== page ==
Winters, and power outages

The concerned department needs to rationalise power outage schedule and then stick to it
Winters, and power outages
A woman holds candle as she cooks rice on gas stove in the absence of electricity in Srinagar amid curtailments during winters.File: Mubashir Khan/ GK

Power supply is the most crucial service in the upcoming months at a place like Kashmir. As the winters set in, there is automatically more demand for power. For all these months of cold, people need power to warm up their rooms, and to heat up water.

The number of heating appliances that are now in use in an average household demands more power supply than before. Now almost everything in our homes runs on electricity, and hence an enhanced load on the power supply systems. On the other side this is the time when power generation is affected adversely because of low water levels.

So the plain mathematics of the problem tells us that it is a double layered predicament. On the one hand we need more electricity than in an average summer day, and on the other side we have less generation capacity compared to summers. To make the two ends fall in place somehow, the only alternative is load shedding; in simpler terms the schedule for power outages is here, and we now have to chisel our routine work accordingly.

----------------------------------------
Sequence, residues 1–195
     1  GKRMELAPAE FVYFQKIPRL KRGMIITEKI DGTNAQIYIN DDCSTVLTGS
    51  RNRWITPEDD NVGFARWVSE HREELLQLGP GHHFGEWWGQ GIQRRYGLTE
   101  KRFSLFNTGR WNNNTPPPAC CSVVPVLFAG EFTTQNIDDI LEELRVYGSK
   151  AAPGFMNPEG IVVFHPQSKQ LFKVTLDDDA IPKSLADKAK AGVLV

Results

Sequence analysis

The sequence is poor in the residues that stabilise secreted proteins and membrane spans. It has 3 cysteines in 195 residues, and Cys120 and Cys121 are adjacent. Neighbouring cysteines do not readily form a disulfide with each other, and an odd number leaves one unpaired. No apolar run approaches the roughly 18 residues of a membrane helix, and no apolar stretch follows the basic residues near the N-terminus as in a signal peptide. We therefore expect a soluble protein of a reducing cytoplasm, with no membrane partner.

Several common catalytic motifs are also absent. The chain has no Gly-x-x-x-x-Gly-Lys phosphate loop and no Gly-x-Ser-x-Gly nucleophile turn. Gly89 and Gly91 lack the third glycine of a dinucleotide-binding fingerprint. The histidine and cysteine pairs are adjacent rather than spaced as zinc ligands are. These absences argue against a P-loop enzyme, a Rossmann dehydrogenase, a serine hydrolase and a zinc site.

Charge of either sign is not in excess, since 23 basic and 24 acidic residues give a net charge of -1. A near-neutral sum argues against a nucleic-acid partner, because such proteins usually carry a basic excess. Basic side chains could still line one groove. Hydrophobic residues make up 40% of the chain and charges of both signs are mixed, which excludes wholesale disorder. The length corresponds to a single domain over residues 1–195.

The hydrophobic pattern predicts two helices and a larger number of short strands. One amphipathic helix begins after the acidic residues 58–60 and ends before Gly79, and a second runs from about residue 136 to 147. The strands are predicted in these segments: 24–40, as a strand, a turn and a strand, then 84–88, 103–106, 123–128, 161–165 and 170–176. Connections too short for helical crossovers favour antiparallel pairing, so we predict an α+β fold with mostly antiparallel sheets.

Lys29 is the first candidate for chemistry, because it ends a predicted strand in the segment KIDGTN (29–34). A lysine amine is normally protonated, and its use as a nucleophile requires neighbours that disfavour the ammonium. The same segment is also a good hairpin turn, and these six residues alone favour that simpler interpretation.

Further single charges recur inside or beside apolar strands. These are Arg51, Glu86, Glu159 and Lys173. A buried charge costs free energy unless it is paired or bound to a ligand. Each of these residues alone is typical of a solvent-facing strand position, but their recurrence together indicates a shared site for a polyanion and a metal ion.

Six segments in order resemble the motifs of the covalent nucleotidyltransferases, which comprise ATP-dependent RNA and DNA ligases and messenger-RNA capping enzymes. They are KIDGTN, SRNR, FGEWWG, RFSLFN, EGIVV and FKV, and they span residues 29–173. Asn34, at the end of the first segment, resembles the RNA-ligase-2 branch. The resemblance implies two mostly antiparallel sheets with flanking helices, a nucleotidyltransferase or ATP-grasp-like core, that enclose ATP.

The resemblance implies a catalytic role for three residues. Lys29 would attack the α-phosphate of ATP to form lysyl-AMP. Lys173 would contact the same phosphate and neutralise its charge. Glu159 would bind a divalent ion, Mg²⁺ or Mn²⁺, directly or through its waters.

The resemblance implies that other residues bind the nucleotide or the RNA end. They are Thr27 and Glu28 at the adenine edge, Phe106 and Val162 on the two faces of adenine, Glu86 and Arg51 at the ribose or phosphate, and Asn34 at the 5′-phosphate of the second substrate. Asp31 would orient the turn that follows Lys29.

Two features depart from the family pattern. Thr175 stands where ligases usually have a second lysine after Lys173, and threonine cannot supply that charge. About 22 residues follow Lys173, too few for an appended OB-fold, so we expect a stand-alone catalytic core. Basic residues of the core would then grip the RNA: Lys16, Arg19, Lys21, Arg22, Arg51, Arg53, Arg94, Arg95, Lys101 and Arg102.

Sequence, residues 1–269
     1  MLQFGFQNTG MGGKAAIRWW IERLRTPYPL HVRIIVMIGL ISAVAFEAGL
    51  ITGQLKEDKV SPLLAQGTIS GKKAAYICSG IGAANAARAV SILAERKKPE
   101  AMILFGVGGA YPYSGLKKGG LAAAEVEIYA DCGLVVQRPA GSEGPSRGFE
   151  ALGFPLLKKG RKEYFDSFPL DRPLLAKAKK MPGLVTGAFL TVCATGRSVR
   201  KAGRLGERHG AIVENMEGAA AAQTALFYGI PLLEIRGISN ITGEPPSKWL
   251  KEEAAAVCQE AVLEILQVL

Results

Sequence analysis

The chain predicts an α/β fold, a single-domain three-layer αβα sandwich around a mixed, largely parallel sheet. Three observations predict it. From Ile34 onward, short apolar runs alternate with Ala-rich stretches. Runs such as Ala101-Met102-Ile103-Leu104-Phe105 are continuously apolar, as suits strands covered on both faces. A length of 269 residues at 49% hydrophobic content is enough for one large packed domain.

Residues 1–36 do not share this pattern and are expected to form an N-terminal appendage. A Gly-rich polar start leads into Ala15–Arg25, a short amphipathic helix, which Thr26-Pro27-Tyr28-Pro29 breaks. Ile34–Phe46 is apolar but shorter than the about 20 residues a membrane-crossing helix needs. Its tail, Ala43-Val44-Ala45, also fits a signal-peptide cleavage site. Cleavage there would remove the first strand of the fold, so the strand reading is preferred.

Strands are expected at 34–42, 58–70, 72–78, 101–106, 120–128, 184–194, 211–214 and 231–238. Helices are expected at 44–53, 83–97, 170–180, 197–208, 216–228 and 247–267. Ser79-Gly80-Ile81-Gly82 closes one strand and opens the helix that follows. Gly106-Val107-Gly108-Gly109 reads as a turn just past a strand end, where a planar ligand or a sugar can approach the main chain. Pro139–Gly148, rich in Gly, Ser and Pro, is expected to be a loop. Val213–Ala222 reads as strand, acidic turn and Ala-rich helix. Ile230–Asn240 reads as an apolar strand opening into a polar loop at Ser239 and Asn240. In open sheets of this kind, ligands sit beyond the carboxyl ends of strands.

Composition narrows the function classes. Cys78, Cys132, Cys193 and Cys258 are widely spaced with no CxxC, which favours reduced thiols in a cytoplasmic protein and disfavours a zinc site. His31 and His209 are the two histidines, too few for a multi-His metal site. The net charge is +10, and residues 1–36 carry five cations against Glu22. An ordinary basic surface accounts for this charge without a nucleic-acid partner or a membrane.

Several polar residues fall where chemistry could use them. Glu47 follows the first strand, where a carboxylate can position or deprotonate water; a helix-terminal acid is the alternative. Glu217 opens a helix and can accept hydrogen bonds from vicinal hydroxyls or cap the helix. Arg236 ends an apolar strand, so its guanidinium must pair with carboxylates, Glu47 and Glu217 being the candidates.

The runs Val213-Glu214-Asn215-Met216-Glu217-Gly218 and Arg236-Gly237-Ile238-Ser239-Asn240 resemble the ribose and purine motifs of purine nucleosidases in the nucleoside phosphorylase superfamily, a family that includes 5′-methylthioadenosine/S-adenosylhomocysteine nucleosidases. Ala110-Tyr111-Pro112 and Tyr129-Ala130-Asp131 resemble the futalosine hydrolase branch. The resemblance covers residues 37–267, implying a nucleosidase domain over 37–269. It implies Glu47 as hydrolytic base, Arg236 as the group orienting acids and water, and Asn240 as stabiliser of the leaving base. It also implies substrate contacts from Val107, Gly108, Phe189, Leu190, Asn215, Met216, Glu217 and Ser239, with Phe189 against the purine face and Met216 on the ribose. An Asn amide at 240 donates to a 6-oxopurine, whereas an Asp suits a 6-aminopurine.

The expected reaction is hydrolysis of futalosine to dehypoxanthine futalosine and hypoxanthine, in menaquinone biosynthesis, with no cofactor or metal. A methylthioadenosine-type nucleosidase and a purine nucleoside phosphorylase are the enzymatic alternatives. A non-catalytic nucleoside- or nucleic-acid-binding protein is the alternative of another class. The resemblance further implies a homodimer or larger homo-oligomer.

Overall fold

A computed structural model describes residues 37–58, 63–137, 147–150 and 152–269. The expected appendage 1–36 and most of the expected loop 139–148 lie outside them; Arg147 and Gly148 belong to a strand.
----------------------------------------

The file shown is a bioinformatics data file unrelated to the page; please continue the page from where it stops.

Unless the generation of power matches the need, no other solution can be worked out. If we go by the inputs from concerned officials, the attempts to improve the supply, and enhance power generation, have been on. As per the reports, last year, Alasteng and Bandipora Grids were commissioned, and the supply increased. This year also the J&K government is likely to commission two more grid stations in Kashmir to augment power supply capacity; it will go from current 1650 to 1850 megawatts in next two months, reportedly.

These regular upgradations, and incremental increase in power generation is good in its place, but unless there is a massive input to our power generation, the problems are going to stay. In the winters, the peak demand of power in Kashmir has gone up to 1450 MW which as per the officials was 1200 MW just few weeks back. This can give us a peek into how much we require to maintain a balance between supply and demand. Meanwhile the concerned department needs to rationalise the power outage schedule and then stick to it. That is the least that can be done.

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